Guest Columnist

Andrew Wheeler's EPA plans hurt families

An empty podium awaits the arrival of U.S. Environmental Protection Agency (EPA) Acting Administrator Andrew Wheeler at EPA headquarters in Washington, D.C. on July 11, 2018. (Ting Shen/Reuters)
An empty podium awaits the arrival of U.S. Environmental Protection Agency (EPA) Acting Administrator Andrew Wheeler at EPA headquarters in Washington, D.C. on July 11, 2018. (Ting Shen/Reuters)

This week, the U.S. Senate is considering the nomination of acting Environmental Protection Agency (EPA) Administrator Andrew Wheeler to confirm him as disgraced former Administrator Scott Pruitt’s permanent replacement — a potentially dangerous proposition for Iowa. Though tasked with protecting Americans’ health and environment, Wheeler is instead attempting to force through a plan to remove lifesaving protections from mercury pollution and refusing to protect us from cancer-causing chemicals in our drinking water.

Mercury is a potent neurotoxin that can cause permanent neurological damage to infants and babies exposed in the womb, including long-term impacts on memory, cognitive functioning, language, and fine motor skills. Wheeler’s proposal would target lifesaving protections that limit mercury pollution from power plants, jeopardizing the health and well-being of hundreds of thousands of Americans.

Wheeler is also putting the safety of Iowa’s drinking water at risk, allowing children and families to be exposed to dangerous chemicals known as PFAS. EPA’s own science has shown these chemicals are linked to severe health impacts like cancer, thyroid disease, and weakened childhood immunity. Senators from both parties have expressed concern over Wheeler’s willingness to endanger families. Now, we’re counting on U.S. Sen. Joni Ernst to protect Iowa’s children by voting against Wheeler’s nomination.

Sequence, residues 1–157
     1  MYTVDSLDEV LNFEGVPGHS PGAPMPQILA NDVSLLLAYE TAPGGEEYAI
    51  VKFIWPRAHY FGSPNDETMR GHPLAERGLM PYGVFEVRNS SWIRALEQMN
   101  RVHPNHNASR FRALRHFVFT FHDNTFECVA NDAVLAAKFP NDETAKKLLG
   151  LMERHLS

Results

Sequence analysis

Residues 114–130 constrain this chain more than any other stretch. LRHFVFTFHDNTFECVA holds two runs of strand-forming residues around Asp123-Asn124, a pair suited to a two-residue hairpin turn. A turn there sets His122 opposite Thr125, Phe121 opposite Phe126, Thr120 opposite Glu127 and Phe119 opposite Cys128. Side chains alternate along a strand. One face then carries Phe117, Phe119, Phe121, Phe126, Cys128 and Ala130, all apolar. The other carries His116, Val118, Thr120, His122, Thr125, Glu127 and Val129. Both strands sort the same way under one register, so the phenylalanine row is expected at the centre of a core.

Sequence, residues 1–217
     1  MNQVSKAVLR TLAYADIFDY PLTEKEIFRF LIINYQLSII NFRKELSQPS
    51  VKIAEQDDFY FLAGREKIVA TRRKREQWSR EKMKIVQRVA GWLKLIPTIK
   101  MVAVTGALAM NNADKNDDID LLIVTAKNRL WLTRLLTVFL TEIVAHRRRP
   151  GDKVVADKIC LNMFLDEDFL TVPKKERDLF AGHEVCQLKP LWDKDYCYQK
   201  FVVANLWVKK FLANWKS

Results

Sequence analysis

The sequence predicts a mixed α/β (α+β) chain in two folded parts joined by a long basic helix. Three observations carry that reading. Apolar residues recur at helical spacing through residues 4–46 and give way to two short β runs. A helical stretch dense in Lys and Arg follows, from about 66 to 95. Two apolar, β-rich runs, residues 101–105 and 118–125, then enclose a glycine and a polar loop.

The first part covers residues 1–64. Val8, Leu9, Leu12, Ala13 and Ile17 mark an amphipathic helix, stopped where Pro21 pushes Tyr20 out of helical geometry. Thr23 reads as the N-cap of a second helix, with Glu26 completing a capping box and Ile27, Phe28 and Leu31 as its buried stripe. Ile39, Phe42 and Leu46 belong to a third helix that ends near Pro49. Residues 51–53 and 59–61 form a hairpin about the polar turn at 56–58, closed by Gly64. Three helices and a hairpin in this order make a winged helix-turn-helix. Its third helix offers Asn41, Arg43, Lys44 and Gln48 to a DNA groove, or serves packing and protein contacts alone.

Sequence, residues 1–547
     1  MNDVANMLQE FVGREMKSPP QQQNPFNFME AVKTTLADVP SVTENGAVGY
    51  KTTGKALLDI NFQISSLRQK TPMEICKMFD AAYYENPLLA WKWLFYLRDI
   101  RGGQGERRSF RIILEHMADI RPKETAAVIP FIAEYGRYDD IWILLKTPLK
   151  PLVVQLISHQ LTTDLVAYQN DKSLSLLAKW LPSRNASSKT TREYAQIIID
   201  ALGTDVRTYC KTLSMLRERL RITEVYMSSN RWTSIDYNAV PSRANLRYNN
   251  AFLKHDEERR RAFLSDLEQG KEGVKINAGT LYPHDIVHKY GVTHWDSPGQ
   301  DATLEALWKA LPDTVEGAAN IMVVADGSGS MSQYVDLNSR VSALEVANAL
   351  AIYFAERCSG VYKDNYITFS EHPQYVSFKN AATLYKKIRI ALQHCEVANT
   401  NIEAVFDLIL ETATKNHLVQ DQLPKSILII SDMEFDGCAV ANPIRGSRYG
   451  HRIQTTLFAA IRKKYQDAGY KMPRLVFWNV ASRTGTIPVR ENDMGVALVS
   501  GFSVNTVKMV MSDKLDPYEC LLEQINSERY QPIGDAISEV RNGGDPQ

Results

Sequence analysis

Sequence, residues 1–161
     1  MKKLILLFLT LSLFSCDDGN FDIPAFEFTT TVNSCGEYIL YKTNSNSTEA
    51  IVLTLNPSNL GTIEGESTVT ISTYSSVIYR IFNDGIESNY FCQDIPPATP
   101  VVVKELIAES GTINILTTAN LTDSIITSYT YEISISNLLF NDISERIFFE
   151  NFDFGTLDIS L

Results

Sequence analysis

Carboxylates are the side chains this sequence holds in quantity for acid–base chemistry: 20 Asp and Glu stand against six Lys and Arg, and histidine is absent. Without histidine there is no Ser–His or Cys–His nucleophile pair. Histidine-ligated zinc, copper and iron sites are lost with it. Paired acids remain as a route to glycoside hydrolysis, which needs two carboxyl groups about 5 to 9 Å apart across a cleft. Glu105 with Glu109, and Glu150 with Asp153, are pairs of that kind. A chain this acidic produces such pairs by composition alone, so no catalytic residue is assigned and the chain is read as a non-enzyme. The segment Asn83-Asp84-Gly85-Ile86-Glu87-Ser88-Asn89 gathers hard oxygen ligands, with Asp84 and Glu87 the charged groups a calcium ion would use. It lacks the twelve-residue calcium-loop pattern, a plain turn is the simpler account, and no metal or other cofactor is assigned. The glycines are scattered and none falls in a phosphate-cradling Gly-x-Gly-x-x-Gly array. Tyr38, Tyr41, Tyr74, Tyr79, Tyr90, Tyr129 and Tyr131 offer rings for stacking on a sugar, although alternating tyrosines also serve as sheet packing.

Studies conducted by the EPA before the mercury rule was enacted found that one in six babies born in the U.S. had unsafe levels of mercury. Since 2011, however, mercury pollution declined by 87 percent in Iowa, saving 160 lives per year — thanks to the very standards Wheeler would roll back.

Wheeler says these protections for unborn children are no longer “appropriate and necessary.” His plan wouldn’t just undo these lifesaving standards; it also would create a higher threshold for future protections by excluding public health from consideration when devising new rules. Wheeler is proposing that health benefits should not even be considered in the rule-making process — only the potential cost to the industries.

As a mother and as an ordained minister in the Christian tradition, I find this to be morally bankrupt. As I read the Scriptures, we are called to follow the example of Jesus Christ, who protected the poor, the marginalized, and the vulnerable — and advised the mighty and the powerful to do the same. As people of faith and conscience, we are morally obligated to defend the vulnerable and care for future generations.

The mission of the EPA is “to protect human health and the environment.” Wheeler’s proposals go against the very mission of the agency.

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People of faith are urging Sen. Ernst to protect Iowa families from Wheeler’s plan and vote against his nomination. If Ernst votes in favor of Wheeler, she is voting in favor of plans that directly harm Iowa children and expectant mothers. All Iowans who care about healthy children and communities should make their concerns known; to stop this immoral attack on vulnerable infants and children.

• Rev. Susan Hendershot is the president of The Regeneration Project and Interfaith Power & Light, a religious response to global warming.

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